If so, it would echo a stunt pulled repeatedly at Air America Radio even when they flipped over to 'subscriptions' and 'subscribers' were supposed to have access to the archives but somehow, when Rachel flubbed on air big time, her shows never showed up for the archives.

Also on PBS (and starts airing tonight on many PBS stations, check local listings), Bonnie Erbe sits down with Kim Gandy, Amanda Carpenter and Avis Jones-DeWeever to discuss this week's news on To The Contrary. And turning to broadcast TV, Sunday CBS' 60 Minutes offers:

Vice President Biden
In this profile of Joe Biden, Lesley Stahl spends three days with the vice president and also interviews his wife, Dr. Jill Biden, and his boss, President Barack Obama. | Watch Video
Powered By Coal
Coal is America's most abundant and cheap fossil fuel, but burning it happens to be the biggest contributor to global warming. Scott Pelley reports. | Watch Video
The Orphanage
Ivory is selling for nearly $1,000 a tusk, causing more elephants to be slaughtered and more orphaned babies in need of special care provided by an elephant orphanage in Kenya. Bob Simon reports. | Watch Video

On today's Diane Rehm Show (begins broadcasting at 10:00 am EST, streaming archived audio is up 15 minutes after the program ends), 4 men and 2 women join Diane to discuss the week's news. For the first hour Slate and CBS News' John Dickerson, Naftali Bendavid (Wall St. Journal) and Karen Tumulty (Time magazine); for the second hour, Karen DeYoung (Washington Post), Daniel Dombey (Finanical Times of London) and Yochi Dreazen (Wall St. Journal). The second hour is when Iraq is supposed to be addressed, FYI.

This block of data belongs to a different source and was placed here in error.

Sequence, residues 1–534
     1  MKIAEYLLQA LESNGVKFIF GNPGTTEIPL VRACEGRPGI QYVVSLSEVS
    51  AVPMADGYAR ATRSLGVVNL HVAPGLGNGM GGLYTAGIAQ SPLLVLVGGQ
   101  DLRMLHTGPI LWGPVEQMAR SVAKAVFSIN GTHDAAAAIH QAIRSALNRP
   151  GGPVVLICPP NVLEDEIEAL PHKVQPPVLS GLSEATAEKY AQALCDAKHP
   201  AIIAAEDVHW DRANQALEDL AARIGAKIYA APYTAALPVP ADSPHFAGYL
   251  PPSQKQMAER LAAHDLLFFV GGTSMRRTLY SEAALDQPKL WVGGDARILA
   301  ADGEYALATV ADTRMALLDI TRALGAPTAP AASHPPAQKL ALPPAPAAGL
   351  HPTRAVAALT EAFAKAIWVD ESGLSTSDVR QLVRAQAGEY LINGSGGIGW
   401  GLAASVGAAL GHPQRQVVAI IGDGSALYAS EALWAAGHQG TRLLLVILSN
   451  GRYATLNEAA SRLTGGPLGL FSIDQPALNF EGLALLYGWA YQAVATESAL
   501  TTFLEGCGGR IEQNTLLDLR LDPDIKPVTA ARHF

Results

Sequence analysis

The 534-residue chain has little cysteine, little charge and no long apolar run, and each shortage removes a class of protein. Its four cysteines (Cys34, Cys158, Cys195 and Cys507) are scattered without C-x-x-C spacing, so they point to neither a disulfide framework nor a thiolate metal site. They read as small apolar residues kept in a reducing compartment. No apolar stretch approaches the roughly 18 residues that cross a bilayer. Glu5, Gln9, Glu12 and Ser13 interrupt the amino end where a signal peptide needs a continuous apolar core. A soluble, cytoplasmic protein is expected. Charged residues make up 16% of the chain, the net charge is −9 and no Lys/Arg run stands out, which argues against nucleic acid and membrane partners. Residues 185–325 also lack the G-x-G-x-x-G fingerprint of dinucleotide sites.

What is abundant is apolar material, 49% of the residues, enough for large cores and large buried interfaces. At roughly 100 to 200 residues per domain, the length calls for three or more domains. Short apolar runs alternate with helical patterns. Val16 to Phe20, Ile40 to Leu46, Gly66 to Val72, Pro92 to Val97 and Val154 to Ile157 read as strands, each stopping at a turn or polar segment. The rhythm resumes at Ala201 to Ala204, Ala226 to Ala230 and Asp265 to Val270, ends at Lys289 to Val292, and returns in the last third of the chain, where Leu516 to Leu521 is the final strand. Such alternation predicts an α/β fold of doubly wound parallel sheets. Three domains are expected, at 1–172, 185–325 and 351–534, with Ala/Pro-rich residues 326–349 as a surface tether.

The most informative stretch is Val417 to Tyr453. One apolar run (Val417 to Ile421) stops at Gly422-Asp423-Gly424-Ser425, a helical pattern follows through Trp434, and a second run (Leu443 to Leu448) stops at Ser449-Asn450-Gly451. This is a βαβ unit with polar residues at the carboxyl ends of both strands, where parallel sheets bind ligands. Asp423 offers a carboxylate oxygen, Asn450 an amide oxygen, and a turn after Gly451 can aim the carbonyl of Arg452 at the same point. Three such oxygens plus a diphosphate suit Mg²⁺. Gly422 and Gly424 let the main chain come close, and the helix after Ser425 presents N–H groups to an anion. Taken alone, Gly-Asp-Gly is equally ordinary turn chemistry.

Also on NPR today, Michael and Kevin Bacon, the Bacon Brothers, perform live:

Live Friday: The Bacon Brothers In Concert

Listen Online At Noon ET

The Bacon Brothers 300
courtesy of the artist

The Bacon Brothers.

WXPN, April 23, 2009 - Long before Kevin Bacon became a movie star and pop-culture phenomenon, and before his older brother Michael became a sought-after film and TV composer, the Philadelphia-based duo was collaborating under the name The Bacon Brothers. Return to this space at noon ET Friday to hear the pair perform live in concert from WXPN and World Cafe Live in Philadelphia.

The Bacons have been writing music as a team since childhood, but didn't begin working together formally until 1995. After Michael Bacon established his music career with Columbia Records in the '60s -- and released several solo albums on CBS Records in the '70s -- he turned to collaborating with Kevin. Their chemistry has long been evident in their rootsy rock 'n' roll songs, with their strong elements of alt-country, folk, blues and Americana. The duo just released its sixth full-length album, New Year's Day, on which the Bacons incorporate jazzy blues and reggae into their sound.